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Highway Alignment Using Geographical Information System


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ISSN (e): 2250-3021, ISSN (p): 2278-8719

Vol. 05, Issue 05 (May. 2015), ||V3|| PP 32-42

Highway Alignment Using Geographical Information System



, D.Pari


1Professor & Dean, Department of Civil Engineering, VMKV Engg. College, Vinayaka Missions University,

Salem, India

2PG Student of Environmental Engineering, Department of Civil Engineering, VMKV Engg. College,

Vinayaka Missions University, Salem, India

Abstract: - Planning a new road or highway can be expensive and time consuming process. There are numerous environmental issues that need to be addressed. The problem is exacerbated where the alignment is influenced by the location of services, existing roads and buildings, and the financial, social and political costs of land resumption. GIS, a powerful tool for the compilation, management and display data associated with geographic space, is used for the preparation of digital maps and analysis purposes. The conventional manual methods were difficult, time consuming and expensive. In this s t ud y the shortest and the economical path is identified using GIS software. The factors considered are mainly related to the land use, geology, land value and soil. The weights and ranks are assigned to each of the above themes, according to expert opinions, for GIS analysis. After assigning weights and ranks these themes are overlaid to get an overlaid map. The final overlaid map has the most suitable area to align the highway from Erode to Karur which is both are textile and enriched with water potential which is passing along the channels of K arur and Erode.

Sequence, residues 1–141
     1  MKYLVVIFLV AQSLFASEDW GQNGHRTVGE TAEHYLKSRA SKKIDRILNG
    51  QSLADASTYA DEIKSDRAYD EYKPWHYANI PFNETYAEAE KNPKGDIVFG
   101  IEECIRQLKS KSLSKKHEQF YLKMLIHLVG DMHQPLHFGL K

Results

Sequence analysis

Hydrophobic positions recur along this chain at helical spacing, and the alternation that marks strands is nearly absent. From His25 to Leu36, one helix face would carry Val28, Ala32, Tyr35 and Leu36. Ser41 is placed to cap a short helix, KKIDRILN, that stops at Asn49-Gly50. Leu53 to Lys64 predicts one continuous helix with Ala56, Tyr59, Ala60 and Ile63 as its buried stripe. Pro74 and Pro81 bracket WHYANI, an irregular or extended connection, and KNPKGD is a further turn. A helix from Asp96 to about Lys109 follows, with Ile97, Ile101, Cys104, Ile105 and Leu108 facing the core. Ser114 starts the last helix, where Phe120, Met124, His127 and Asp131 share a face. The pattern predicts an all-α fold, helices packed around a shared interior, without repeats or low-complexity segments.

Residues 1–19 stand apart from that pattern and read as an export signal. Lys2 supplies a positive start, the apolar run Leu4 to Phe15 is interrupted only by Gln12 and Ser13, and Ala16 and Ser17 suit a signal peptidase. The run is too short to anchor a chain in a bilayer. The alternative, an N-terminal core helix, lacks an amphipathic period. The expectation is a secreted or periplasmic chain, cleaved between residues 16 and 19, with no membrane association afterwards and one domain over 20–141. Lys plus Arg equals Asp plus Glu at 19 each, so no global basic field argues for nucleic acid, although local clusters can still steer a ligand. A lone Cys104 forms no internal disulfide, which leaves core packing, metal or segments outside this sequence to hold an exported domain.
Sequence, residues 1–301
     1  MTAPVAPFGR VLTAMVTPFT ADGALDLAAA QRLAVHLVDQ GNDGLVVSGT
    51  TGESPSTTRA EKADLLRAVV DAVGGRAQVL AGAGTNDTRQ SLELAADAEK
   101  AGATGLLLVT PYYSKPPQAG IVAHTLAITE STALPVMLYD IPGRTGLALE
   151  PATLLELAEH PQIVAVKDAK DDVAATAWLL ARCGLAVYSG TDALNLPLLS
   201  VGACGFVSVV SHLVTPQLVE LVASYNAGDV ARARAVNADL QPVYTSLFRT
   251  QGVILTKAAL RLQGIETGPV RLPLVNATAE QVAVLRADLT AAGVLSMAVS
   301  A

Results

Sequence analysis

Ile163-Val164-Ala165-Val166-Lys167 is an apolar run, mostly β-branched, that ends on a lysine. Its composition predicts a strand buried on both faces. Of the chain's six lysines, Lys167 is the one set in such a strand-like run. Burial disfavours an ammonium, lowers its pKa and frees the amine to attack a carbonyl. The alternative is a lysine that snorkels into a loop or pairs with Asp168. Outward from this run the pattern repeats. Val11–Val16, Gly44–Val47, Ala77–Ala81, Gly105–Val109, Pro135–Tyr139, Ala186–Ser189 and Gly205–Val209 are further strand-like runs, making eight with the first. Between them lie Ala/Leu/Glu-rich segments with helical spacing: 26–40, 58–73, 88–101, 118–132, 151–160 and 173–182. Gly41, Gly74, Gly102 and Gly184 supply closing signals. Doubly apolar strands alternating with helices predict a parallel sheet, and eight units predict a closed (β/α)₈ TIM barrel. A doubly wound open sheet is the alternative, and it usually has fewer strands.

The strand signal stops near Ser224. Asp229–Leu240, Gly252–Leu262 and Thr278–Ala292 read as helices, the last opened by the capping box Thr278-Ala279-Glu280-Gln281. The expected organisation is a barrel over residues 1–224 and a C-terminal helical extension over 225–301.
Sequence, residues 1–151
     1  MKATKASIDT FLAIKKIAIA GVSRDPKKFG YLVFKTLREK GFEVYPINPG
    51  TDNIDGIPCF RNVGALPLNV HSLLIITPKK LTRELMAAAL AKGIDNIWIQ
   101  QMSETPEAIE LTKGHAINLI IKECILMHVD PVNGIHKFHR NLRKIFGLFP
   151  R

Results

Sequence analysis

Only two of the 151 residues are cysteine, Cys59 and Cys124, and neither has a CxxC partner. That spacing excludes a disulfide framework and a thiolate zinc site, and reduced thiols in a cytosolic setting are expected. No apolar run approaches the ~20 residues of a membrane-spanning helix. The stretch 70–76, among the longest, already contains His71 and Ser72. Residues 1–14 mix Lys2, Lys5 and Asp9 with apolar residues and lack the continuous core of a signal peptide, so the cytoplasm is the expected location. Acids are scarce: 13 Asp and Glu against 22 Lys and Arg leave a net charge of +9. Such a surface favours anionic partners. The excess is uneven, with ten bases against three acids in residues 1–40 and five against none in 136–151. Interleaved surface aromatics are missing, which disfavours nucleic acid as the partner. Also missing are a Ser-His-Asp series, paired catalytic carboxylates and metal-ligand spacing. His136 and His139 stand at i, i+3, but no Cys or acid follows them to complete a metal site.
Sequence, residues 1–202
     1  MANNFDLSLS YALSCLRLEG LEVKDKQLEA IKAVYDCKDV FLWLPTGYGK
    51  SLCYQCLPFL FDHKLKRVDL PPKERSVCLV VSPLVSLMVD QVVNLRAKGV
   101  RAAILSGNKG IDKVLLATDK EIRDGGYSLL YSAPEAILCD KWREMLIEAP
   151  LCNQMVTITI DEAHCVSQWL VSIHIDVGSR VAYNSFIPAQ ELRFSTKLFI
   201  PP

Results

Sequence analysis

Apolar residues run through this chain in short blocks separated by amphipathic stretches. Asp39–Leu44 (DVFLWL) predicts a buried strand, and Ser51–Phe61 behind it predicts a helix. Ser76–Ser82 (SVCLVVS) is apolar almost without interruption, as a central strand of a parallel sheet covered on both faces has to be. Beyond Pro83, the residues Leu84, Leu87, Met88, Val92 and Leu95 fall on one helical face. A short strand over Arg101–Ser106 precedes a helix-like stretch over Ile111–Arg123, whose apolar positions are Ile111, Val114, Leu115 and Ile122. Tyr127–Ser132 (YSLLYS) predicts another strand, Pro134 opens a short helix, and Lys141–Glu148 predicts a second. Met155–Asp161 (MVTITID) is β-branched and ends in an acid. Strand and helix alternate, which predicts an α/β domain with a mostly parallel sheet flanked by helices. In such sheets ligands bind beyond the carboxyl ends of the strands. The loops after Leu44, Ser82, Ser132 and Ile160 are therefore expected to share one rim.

Keywords: Highway, Alignment, Geographical Information System, K arur and Erode



Determining the best route through an area is one of the oldest spatial problems. This problem has recently been solved effectively using GIS and Remote Sensing technologies. During the last decade, a few attempts have been made to automate the route-planning process using GIS technology. Constructing a new road or railway, or aligning an old one can be very expensive, with costs depending on the alignment selected. Costs are increased by long structures, by large volumes of cut and fill, and by unbalanced cut and fill were discrepancy has to be dumped or borrowed. There are numerous environmental issues that need to be addressed to ensure that the alignment does not reduce bio-diversity or degrade the environment. The first step in producing high quality alignments depends on obtaining suitable data on geology, land use, slope, soil and drainage. In addition, there are issues such as land value and ownership, social and economic impact, and identifying environmentally sensitive areas.